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We roll over the old bridge at the end of town where the road descends gently into a mix of open meadows, farmland and copses of deciduous trees. The sun is low but climbing and our pace-line is buffeted by a light but exceptionally pleasant crosswind. It’s the beginning of the day and our ride and the team and summer. The Gunks, or Shawangunks, the northern end of a long ridge of the Appalachian Mountains beginning in Virginia, rises rocky and vertical from the countryside to our right. I can’t hear him but I see Jeremy pointing and smiling cruelly in that direction. My heart sinks as first I check in with my legs: manageable pain. Then my face: covered in sweat. Then my lungs: actively working. And finally everyone else: smiling, talking and optimistically spinning forward. The East Coast Riders are fast., talking and optimistically spinning forward. The East Coast Riders are fast.
The three and-a-half mile climb out of the valley and over the Gunks is gorgeous, marked by large, tan rocks atop piles of smaller ones, the occasional flowering tree and beautiful views of the countryside below. Cool, fresh water rushes in the streams and falls hidden behind the guardrail edging our path. The road, with a clean surface and wide shoulder, takes a curious approach to the hillside mixing slow, wide turns, ambitious switchbacks and steep straight pitches. Jeremy and the rest of the Boston contingent chase Sam to the top. The rest of the New Yorkers, followed by me, follow behind.
The other side of the Gunks is densely wooded and laced with yet more streams and falls. The descent takes us through Lake Minnewaska State Park and the town of Granite. At the bottom, we take a left and head further west until Richard gets a flat. The road here is busier and wider, lined with thickets of weeds and second rate trees, defunct businesses and busted mailboxes. With time now to notice, we all clock the many American flags flapping in the light but constant breeze. And the many rusted-out snowmobiles, high centered in the dirt in front yards. The ride resumes in the form of quick but cautious pace-line.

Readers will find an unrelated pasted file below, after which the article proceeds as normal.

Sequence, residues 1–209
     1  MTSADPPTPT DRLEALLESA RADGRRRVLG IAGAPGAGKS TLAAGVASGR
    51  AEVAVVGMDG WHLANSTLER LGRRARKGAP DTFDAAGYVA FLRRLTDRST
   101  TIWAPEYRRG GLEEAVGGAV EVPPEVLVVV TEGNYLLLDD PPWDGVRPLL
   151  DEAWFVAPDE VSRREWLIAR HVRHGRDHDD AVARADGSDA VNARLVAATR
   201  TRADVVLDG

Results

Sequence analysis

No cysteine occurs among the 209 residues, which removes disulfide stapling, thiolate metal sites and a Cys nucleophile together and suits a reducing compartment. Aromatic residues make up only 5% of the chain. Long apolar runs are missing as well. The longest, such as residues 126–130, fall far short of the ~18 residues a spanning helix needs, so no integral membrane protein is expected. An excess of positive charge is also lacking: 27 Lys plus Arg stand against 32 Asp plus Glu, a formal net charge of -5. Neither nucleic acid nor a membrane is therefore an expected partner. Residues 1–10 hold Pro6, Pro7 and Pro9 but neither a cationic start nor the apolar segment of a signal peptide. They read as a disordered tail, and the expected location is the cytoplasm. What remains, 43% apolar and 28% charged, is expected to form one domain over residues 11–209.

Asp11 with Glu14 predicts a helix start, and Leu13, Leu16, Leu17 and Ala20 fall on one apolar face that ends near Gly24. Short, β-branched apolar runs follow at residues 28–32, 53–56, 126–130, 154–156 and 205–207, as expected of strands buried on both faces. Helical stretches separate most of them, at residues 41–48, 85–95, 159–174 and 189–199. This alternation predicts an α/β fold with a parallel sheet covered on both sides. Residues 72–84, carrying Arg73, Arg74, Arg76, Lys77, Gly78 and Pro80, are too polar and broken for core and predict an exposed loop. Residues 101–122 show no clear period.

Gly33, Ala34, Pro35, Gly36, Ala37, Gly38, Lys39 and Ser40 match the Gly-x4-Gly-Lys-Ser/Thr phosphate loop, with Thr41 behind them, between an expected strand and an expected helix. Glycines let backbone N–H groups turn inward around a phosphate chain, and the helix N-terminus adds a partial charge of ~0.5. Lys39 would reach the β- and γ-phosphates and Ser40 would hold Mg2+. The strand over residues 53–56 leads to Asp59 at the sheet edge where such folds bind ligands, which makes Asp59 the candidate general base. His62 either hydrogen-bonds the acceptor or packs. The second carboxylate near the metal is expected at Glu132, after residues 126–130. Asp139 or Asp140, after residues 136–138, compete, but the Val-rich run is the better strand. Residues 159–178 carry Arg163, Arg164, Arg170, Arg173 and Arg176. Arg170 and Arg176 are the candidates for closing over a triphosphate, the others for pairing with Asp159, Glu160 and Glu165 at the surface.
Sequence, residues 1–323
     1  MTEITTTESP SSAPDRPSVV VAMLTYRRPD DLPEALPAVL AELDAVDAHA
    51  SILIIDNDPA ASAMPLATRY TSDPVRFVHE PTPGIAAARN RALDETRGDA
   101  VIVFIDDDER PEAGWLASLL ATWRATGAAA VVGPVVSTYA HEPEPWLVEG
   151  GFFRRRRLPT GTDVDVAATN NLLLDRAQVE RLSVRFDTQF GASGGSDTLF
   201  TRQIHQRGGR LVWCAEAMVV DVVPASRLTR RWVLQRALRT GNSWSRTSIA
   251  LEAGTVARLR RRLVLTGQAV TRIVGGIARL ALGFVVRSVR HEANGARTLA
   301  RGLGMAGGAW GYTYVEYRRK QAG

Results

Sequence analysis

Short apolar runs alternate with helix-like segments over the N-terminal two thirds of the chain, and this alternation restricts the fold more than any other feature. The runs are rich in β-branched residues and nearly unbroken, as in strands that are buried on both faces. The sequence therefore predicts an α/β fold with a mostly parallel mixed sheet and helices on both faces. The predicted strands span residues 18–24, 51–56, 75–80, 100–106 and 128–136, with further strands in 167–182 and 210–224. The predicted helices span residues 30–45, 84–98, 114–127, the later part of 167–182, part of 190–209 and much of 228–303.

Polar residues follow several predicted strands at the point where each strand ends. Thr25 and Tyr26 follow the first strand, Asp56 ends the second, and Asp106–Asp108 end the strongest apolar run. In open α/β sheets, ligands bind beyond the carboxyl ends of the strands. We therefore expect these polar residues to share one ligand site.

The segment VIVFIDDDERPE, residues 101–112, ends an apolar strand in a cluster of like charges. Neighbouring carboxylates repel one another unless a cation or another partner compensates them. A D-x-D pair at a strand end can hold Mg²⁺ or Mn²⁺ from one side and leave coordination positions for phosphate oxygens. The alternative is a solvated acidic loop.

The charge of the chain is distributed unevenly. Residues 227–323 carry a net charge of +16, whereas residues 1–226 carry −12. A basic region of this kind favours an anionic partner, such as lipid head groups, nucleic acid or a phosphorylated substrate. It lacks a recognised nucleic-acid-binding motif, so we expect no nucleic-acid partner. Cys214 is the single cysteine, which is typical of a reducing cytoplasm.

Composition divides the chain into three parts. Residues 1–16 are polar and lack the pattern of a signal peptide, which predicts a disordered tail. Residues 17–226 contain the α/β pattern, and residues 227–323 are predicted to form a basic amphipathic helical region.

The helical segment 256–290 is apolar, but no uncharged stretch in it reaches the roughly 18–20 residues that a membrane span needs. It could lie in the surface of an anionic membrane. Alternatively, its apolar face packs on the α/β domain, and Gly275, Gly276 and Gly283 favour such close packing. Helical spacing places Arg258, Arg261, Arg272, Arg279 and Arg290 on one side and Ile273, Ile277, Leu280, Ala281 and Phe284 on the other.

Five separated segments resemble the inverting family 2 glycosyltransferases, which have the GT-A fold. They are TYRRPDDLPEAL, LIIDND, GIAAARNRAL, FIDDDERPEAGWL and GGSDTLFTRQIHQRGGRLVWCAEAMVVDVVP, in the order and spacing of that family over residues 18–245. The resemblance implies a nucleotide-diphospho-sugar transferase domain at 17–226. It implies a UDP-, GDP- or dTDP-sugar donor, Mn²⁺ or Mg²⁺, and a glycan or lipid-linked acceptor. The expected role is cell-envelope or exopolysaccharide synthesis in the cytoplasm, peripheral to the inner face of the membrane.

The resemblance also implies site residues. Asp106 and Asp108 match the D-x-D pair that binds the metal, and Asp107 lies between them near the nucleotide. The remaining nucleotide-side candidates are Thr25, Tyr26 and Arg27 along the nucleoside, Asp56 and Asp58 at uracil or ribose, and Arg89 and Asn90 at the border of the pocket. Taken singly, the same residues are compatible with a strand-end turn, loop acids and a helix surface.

Twenty miles in, on the far side of Wawarsing, we pick-up HWY 55 and roll up over Honk Hill, on our way to Rondout Reservoir. The approach is pretty, moving through trees, lakes and rivers and the occasional open plain, with large farm buildings and summer camps. The side of the Rondout rises constantly up and down for a little over seven miles. Those who know, those of us who actually did the recce or reviewed the ride profile, know Sugarloaf, the crux and worst climb of the ride, and its absurdly steep sides are now only moments away.
When you see the large, near vertical rock ledge in front of you, you realize pretty quickly what’s going to happen. Then you hit the first big euro switchback significantly steeper on the inside than outside. Then you climb, and climb.
The road from town launches us into flat, open fields that remind me of Northern Europe. The warm breeze whips-up a yellow dust and blows it across the road. We talk nervously trying to anticipate the rest of the day while the first climb looms ever larger to our right.
My legs are not where they could be, or should be. So I drift back a bit and notice that the road is bordered on either side by sheer rock walls – they look handmade, a product of intent. The stones look like they were carefully laid one by one on top of each other.